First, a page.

Dow's Technology Stocks Rule the Day

The Dow Jones Industrial Average (DJINDICES: ^DJI  ) ended the day down 1.38 points, or 0.01%, after this  morning's release of the S&P/Case Shiller home-price index for 20 metropolitan areas showed that prices in May fell short of analysts' expectations. Not only did the 1% jump fall short of the 1.5% target, but it was much lower than the index's 1.7% increase in April. Many are now fearful of what results will look like in June, since interest rates took a big jump during the second half of May.

The other major indexes managed to eke out winning sessions today, as the S&P 500 rose 0.04% and the Nasdaq increased by 0.48%.

Shares of three of the Dow's big technology companies led the way today. Cisco (NASDAQ: CSCO  ) was the big blue-chip winner, as shares rose 1.34%. The stock received a boost after Sourcefire, a company Cisco announced a week ago that it's buying for $2.7 billion, released earnings today that beat on both the top and bottom lines. Sourcefire posted revenue growth of 29% compared with the same time frame last year, which is a great sign that Cisco is buying a strong, rapidly growing company. That should help Cisco with its own results moving forward.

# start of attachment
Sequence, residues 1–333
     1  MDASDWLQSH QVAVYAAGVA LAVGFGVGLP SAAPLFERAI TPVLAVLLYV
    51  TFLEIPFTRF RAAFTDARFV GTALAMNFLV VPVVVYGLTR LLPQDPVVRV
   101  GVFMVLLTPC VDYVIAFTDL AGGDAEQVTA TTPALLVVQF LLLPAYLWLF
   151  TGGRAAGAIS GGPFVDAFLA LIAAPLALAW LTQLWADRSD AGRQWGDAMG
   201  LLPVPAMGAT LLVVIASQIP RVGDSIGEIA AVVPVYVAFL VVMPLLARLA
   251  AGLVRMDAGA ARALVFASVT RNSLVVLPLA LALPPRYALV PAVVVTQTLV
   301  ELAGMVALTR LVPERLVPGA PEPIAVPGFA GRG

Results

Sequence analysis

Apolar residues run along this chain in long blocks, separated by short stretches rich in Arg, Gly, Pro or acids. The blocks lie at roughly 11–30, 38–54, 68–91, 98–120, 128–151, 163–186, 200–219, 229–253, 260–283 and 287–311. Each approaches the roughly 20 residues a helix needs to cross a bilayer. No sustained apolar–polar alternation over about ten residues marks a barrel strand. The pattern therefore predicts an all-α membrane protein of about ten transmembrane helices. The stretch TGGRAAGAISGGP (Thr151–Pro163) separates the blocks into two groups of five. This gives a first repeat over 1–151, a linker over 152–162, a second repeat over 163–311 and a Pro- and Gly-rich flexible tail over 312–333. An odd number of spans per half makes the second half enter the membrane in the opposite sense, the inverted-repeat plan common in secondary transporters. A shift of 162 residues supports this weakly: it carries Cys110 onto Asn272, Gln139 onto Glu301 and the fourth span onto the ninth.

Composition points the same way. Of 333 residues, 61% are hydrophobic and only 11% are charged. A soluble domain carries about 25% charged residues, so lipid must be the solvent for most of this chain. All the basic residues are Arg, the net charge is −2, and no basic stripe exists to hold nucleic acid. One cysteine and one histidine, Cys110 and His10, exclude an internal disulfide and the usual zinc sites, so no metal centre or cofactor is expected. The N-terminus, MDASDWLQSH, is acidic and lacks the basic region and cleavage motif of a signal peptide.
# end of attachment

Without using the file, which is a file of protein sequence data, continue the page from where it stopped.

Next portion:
Microsoft (NASDAQ: MSFT  ) was also a big winner, as shares rose 0.35%. Microsoft officially launched Windows 8.1 Enterprise Preview today, and it was well received by industry experts. The newer version of Windows 8 has been changed to match some of the features users liked about older versions but had been removed. One new feature is "Windows To Go," which allows users to plug in a USB drive on a device and instantly run Windows 8, with no download or setup required. Windows 8.1 has a good chance to wow consumers and increase sales of the operating system.  

Lastly, shares of Intel (NASDAQ: INTC  ) rose 0.6% after news that the company is developing a DVR-type service which would certainly disrupt the traditional TV business. The Wall Street Journal reported that 350 Intel employees are working on a system that would record every TV channel, in every time slot, in every market, both in the U.S. and abroad, and save the information on servers for up to three days. The service would essentially make individual DVRs pointless and disrupt traditional TV providers, as Intel would deliver their service over the Internet. While this may sound like a far-fetched idea, the fact that the company has 300-plus employees working on the project should be an indication that management is serious about it.  

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